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Unfair Treatment

Life Story Club Contributor

July 29, 2020

Okay. So a little background about me is I’m from Detroit, Michigan. I did not grow up in a segregated community at all. I mean, everybody was everybody and everybody lived on the same block. I mean, it was unheard of to hear the things that I have seen since 2018. So again, I come from, all of my friends, I was on the step team, cheer team, you know, everything in between. I have friends of all colors and nationalities, and it was very, very socially acceptable to date interracially and everything was everything, right?

So I joined the army, became a military police officer, and started realizing what segregation was. So it was a little bit, it wasn’t too bad. We still were all brothers and sisters in arms. And when I stepped out of there, I became a funeral director. And I was applying over the phone to several funeral homes, and they said, “Well, ma’am what color are you over the phone?” I said, “What color am I? Well, sometimes I’m white. Sometimes I’m pink. It just kind of depends on what the day has to offer.”

And they started laughing because I’ve never been asked what color was I? And they said, “Well, we’re a black establishment,” or, “We only cater to white people, and you’re too short to be white.” I said, “I’m too short to be white? My application says I’m white.” And they said, “No, you fit a more Hispanic profile because you’re five foot and under.”

And I said, “What does that have to do with being racially profiled on my application? And I’ve already worked for this establishment for five years.” And because I have a more Hispanic association with the families that I serve, they said that they were a white funeral home and that my services would be better somewhere else after I’ve already worked with them for five years.

So it was very interesting to me to see what that segregation meant, right? And so my trinket that I wanted to show was you see all these awards, I don’t know if you can see, I have a very nice little stack of awards being in my profession. Thank you. I was the youngest funeral director to become president for the state of Texas.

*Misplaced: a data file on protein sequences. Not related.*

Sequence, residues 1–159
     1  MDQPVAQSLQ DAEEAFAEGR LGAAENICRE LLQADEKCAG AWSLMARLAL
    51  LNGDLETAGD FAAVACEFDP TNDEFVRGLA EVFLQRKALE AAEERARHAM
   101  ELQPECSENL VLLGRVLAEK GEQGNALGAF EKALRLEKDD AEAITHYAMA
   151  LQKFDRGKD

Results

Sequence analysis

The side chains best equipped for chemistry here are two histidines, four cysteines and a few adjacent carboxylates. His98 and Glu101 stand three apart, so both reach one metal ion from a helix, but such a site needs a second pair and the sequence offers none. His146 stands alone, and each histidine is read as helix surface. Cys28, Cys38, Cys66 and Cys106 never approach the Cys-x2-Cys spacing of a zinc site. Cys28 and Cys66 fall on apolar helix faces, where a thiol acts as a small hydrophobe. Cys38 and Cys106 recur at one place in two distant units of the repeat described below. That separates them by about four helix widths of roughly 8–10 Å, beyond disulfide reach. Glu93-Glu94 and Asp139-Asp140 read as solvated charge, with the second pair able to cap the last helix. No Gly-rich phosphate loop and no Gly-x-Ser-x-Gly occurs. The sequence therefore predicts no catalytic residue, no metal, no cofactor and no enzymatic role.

I had surpassed every degree element I could get at a very fast pace because I love the funeral and the death care space. What broke me was when they kept telling me I wasn’t racially accepted, mind blown. How do I overcome racial acceptance as a white female that I’ve always identified as?

So in 2018, I left big Corporate America and sold everything. I sold my land, houses, the boat, everything, and here, we’re building our own funeral home in Bereavement Center. So we took that, and I said, “You know, nobody should ever be told that you are not racially okay to grieve. You are not racially okay to do your job.” That is the most absurd thing I’ve ever heard of.

So I took that and I created the strengths. And now we have a multicultural community where, yes, I do Hispanic service as well, yes I do white service as well. But then when I realized that your community has to train your funeral director on what your customs are, I brought that out in our community and said, “You have to train your social customs to your funeral director to get that experience that you want, Just because you can do that only one race, or one group, or one religion doesn’t mean that’s the only thing that you can do.”

So, everybody who has worked with me, I throw them in every situation, whether it’s a Jewish funeral, whether it’s a African American, or Hispanic, or Pentecostal, we get all of that. And that’s the way that the industry should be. It should no longer be, “This is a black establishment, this is a white establishment,” because that is by far the craziest thing I’ve seen.

And so that was where the accomplishment is coming from is we are overcoming that barrier in the Central Texas area now. And hopefully, it’s going to be contagious within the profession, and we will be a more united culture.

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